Issue Of Campus Assault Deserves More Attention Than Controversy About A Film
On Sunday, CNN showed "The Hunting Ground," a documentary about campus sexual assault that was released in April. The film presents the stories of men and women who discuss their experiences and how they were treated afterward by campus administrators and their schools' judicial processes.
One of those voices belongs to Erica Kinsman, who alleged that quarterback Jameis Winston, now playing for the Tampa Bay Buccaneers, raped her while he was a freshman at Florida State University. No charges were ever filed against Winston, and he was found not to have violated the school's code of conduct.
Last week, Winston's attorneys sent a letter to CNN, threatening to sue the network if it aired the film.
It was a good strategy. From what I saw, the letter became the focus of nearly every story about the film. Winston's objections to the film were laid out at every telling, and he seemed largely insulated from the effect, given his five-touchdown performance Sunday.
The word "controversial" became almost synonymous with the film after some Harvard Law professors took issue with it, but what is truly controversial is letting alleged survivors tell their stories without the filter of lawyers and campus administrators. Annie Clark and Andrea Pino, two women who have begun to revolutionize the way colleges look at assault by filing Title IX complaints with the U.S. Department of Education, are a much larger part of the film.
CNN invited college presidents whose schools were a focus of the film to talk about the issue, but all declined except University of Alaska Fairbanks interim chancellor Mike Powers. His interview was a powerful reminder of what an engaged administrator can do.
Victims too often receive too little help from law enforcement, as this New York Times investigation details by looking at how the Tallahassee Police Department responded to Kinsman's claims. That said, it is just as important that false allegations (which are no higher for rape than other crimes at an estimated 8 percent) are ferreted out and those perpetrators prosecuted.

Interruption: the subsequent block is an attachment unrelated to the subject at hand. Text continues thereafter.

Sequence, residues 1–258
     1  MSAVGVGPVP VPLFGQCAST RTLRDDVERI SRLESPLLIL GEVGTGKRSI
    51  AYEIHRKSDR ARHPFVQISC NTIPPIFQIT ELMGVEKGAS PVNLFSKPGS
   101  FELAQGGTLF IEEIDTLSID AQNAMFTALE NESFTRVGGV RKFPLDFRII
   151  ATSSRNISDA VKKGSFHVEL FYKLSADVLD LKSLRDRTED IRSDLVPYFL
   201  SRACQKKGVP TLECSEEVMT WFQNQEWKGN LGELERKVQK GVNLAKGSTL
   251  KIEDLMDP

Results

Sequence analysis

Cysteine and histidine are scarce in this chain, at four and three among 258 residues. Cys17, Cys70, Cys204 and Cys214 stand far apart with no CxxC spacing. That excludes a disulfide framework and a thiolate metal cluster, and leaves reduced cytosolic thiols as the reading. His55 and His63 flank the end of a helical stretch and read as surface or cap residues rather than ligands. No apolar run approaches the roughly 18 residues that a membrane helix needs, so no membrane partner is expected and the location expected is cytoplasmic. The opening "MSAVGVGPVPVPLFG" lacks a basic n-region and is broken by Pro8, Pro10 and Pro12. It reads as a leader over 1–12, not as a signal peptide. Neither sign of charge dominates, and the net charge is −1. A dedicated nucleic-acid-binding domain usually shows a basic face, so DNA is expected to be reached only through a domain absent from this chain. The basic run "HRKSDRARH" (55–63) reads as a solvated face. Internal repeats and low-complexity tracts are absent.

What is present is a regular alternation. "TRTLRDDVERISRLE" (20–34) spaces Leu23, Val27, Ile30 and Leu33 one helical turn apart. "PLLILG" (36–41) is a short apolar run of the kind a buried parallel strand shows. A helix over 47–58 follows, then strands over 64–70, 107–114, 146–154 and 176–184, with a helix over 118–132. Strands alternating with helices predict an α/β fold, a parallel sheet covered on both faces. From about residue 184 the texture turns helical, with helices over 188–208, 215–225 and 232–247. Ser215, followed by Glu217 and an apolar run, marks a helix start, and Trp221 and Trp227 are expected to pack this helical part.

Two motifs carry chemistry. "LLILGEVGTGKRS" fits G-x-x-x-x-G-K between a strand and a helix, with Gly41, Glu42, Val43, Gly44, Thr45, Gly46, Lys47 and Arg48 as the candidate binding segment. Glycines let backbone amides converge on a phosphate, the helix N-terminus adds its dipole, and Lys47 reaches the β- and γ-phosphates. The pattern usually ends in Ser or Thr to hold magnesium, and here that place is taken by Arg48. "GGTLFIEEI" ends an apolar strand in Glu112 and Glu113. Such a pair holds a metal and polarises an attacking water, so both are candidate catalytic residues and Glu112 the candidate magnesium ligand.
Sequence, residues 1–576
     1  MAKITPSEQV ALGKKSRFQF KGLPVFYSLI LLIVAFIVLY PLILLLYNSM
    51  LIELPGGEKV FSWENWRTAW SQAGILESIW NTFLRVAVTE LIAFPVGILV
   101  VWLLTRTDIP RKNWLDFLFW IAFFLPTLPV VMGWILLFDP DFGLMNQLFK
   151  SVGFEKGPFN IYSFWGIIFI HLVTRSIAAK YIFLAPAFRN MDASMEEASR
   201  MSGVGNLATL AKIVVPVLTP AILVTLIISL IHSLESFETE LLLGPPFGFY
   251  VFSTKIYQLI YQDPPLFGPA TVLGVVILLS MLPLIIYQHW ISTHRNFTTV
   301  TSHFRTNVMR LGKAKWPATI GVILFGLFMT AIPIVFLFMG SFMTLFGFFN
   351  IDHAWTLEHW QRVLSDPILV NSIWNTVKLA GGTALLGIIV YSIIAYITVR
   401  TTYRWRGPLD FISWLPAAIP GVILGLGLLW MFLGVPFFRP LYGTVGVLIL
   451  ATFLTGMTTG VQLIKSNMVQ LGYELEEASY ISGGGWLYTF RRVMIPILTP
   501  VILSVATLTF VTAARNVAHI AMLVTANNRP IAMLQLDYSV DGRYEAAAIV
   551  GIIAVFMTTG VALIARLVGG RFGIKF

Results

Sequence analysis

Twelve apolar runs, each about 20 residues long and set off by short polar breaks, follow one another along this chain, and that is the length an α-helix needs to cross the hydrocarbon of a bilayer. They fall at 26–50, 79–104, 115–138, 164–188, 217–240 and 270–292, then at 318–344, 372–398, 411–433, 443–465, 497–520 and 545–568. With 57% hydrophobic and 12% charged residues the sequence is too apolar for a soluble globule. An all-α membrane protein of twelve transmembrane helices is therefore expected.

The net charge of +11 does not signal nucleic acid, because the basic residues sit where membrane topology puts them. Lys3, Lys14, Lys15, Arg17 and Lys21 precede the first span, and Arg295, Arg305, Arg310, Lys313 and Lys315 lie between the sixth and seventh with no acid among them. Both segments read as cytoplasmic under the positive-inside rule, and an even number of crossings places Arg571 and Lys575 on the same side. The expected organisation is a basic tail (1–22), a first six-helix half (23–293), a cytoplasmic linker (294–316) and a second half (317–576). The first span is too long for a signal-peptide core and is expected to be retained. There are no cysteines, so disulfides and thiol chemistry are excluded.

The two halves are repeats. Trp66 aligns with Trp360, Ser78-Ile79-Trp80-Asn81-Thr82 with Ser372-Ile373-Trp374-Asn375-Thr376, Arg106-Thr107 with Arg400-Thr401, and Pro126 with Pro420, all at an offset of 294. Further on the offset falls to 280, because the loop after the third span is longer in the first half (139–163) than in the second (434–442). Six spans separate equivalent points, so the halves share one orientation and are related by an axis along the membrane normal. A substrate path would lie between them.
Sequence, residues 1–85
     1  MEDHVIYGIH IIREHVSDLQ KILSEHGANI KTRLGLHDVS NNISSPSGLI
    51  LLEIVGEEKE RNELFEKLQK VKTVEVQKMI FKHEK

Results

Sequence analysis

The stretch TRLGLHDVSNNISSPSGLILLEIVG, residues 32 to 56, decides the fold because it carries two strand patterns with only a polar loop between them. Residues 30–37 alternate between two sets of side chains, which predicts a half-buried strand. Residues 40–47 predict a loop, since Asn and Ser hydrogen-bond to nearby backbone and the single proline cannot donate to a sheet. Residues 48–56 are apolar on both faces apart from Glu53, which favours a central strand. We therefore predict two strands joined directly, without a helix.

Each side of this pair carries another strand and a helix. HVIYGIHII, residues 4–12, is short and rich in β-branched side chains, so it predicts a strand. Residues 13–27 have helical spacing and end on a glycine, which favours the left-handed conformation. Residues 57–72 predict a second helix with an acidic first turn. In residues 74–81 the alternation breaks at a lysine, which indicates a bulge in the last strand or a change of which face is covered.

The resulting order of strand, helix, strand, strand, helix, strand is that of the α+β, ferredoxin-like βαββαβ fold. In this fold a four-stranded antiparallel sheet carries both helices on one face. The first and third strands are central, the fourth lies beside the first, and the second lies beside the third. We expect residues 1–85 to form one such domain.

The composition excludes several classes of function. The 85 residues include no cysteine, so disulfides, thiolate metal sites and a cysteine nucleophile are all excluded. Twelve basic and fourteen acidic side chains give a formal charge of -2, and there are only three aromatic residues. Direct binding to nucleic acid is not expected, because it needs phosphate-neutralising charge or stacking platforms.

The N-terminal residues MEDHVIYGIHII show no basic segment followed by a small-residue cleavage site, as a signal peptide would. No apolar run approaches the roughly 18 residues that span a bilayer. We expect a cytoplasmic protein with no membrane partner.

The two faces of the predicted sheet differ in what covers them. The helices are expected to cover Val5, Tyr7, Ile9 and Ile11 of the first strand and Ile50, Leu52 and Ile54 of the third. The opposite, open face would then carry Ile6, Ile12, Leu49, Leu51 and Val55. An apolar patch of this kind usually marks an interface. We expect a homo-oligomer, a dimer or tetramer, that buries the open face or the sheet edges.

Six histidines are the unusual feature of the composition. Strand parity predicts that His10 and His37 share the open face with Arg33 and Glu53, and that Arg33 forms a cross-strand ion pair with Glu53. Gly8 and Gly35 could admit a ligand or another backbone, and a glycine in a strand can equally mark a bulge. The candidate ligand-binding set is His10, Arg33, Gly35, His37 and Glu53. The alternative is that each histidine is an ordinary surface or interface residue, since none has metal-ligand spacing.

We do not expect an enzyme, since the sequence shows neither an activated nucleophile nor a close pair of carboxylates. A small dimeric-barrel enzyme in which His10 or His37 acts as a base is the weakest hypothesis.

"The Hunting Ground" raises an uncomfortable subject. While Harvard Law professors were taking issue with the film, a specifically worded poll of women on campus found 16 percent of women reported they had experienced "sexual penetration or attempted penetration without consent" while they were students. The school is also facing an investigation from the Department of Education.
What's the better strategy for the Crimson students, having their highest minds tilting at the messenger or addressing the issues the film raises? You can quibble with the stats in the film or pontificate about whether the questions on a survey are appropriate, but it's important to see the forest for the trees here. We have such a hard time just listening to the women tell their stories, just letting them talk without shouting them down.
It's a choice. Cover the controversy or cover the issue. Kinsman is just a small part of "The Hunting Ground," and whatever you think of her individual story, there is a larger one just behind it.
Other things on my mind this week:
Not gambling? The New York Times looks at whether betting on fantasy sports can lead to the same problems that gambling addicts face. Fantasy sites are trying to rebrand their business as a game of skill. Rebranding in sports can be successful; look no further than the secondary ticket market.
I would not recommend listening to Adele's "Hello" near a telephone, lest the desire to call your ex becomes overwhelming.
Jerry Jones had a sit-down with Greg Hardy after the Dallas Cowboys defensive end was late to a meeting. Jones says Hardy gets it now and "agreed to really work." Does anyone see this ending well? Anyone? Bueller?